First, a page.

TEACHER GUIDE TO CLARIFICATION
Define, evaluate, and compare functions.
8.F.1 Understand that a function is a rule that assigns to each input exactly one output. The graph of a function is the set of ordered pairs consisting of an input and the corresponding output. (Function notation is not required in Grade 8.)
A function is a Rule That Assigns to Each Input Exactly One Output
Explanations and Examples
8.F.1 Students distinguish between functions and non-functions, using equations, graphs, and tables. Non- functions occur when there is more than one y-value is associated with any x-value. Students are not expected to use the function notation f(x) at this level.
For example, the rule that takes x as input and gives as output is a function. Using y to stand for the output we can represent this function with the equation y = , and the graph of the equation is the graph of the function. Students are not yet expected to use function notation such as f(x) =
Students are identifying whether or not it is a function – NOT solving functions
In grade 6, students plotted points in all four quadrants of the coordinate plane. They also represented and analyzed quantitative relationships between dependent and independent variables. In Grade 7, students decided whether two quantities are in a proportional relationship. In Grade 8, students begin to call relationships functions when each input is assigned to exactly one output. Also, in Grade 8, students learn that proportional relationships are part of a broader group of linear functions, and they are able to identify whether a relationship is linear. Nonlinear functions are included for comparison. Later, in high school, students use function notation and are able to identify types of nonlinear functions.
Nonlinear functions are included for comparison.
The “vertical line test” should be avoided because (1) it is too easy to apply without thinking, (2) students do not need an efficient strategy at this point, and (3) it creates misconceptions for later mathematics, when it is useful to think of functions more broadly, such as whether x might be a function of y. “Function machine” pictures are useful for helping students imagine input and output values, with a rule inside the machine by which the output value is determined from the input.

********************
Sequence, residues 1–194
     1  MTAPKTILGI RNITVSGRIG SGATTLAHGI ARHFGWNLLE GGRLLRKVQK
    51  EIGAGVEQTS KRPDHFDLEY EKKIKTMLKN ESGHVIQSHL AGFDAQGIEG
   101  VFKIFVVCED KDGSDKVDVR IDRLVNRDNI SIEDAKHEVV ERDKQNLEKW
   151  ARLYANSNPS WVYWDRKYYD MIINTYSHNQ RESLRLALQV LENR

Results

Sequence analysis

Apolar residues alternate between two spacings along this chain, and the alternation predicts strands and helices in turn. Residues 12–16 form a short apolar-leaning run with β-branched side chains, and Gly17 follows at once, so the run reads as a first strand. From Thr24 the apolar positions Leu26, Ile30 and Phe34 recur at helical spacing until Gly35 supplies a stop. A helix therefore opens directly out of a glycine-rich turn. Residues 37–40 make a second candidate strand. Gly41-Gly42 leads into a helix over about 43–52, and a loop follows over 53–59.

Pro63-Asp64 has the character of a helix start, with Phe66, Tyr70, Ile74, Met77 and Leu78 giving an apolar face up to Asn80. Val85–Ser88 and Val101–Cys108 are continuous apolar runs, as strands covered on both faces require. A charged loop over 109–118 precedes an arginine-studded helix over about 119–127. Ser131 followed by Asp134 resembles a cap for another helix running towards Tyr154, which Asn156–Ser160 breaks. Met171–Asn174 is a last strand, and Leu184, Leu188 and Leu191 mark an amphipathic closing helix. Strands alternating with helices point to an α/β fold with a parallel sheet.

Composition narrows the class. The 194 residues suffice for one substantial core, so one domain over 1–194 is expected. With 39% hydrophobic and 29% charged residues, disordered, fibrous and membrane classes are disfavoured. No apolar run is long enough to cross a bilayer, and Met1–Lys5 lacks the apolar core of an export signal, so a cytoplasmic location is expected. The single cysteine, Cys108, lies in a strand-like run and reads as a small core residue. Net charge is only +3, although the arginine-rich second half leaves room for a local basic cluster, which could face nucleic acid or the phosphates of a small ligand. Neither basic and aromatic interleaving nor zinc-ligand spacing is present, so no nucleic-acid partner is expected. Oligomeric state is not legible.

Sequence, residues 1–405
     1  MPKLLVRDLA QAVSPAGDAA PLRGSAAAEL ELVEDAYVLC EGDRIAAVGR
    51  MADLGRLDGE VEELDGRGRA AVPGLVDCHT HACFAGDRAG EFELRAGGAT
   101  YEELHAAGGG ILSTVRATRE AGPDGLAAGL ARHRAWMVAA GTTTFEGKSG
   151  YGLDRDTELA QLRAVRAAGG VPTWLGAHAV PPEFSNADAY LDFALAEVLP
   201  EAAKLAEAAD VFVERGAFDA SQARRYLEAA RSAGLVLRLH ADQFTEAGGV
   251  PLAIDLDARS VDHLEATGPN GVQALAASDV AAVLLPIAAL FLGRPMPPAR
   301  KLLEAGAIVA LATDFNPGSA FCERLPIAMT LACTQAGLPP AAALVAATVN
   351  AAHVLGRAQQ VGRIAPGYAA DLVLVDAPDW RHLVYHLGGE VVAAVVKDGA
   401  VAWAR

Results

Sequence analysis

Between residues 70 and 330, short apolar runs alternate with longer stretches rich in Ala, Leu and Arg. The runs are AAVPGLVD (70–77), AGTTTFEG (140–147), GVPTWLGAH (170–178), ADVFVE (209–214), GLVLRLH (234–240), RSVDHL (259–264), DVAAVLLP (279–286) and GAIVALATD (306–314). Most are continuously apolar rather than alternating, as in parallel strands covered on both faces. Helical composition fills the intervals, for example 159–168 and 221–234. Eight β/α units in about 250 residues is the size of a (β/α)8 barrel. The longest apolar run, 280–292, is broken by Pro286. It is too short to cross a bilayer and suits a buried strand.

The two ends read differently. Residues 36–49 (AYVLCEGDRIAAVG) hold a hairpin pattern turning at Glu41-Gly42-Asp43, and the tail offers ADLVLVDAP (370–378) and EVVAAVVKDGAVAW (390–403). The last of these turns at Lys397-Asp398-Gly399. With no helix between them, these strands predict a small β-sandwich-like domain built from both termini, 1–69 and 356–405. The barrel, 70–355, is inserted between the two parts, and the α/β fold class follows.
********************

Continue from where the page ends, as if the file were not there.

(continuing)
Notice that the standards explicitly call for exploring functions numerically, graphically, verbally, and algebraically (symbolically, with letters). This is sometimes called the “rule of four.”
To determine whether a relationship is a function, students should be expected to reason from a context, a graph, or a table, after first being clear which quantity is considered the input and which is the output. When a relationship is not a function, students should produce a counterexample: an “input value” with at least two “output values.” If the relationship is a function, the students should explain how they verified that for each input there was exactly one output.
The vertical line test should be avoided. It is too easy, students should be reasoning and it creates misconceptions for later mathematics.
Students explore functions numerically, graphically, verbally and algebraically.
For fluency and flexibility in thinking, students need experiences translating among these. In Grade 8, the focus, of course, is on linear functions, and students begin to recognize a linear function from its form y = mx + b. Students also need experiences with nonlinear functions, including functions given by graphs, tables, or verbal descriptions but for which there is no formula for the rule, such as a girl‘s height as a function of her age.
In the elementary grades, students explore number and shape patterns (sequences), and they use rules for finding the next term in the sequence. At this point, students describe sequences both by rules relating one term to the next and also by rules for finding the nth term directly. (In high school, students will call these recursive and explicit formulas.) Students express rules in both words and in symbols. Instruction should focus on additive and multiplicative sequences as well as sequences of square and cubic numbers, considered as areas and volumes of cubes, respectively.
When plotting points and drawing graphs, students should develop the habit of determining, based upon the context, whether it is reasonable to “connect the dots” on the graph. In some contexts, the inputs are discrete, and connecting the dots can be misleading. For example, if a function is used to model the height of a stack of n paper cups, it does not make sense to have 2.3 cups, and thus there will be no ordered pairs between n = 2 and n = 3.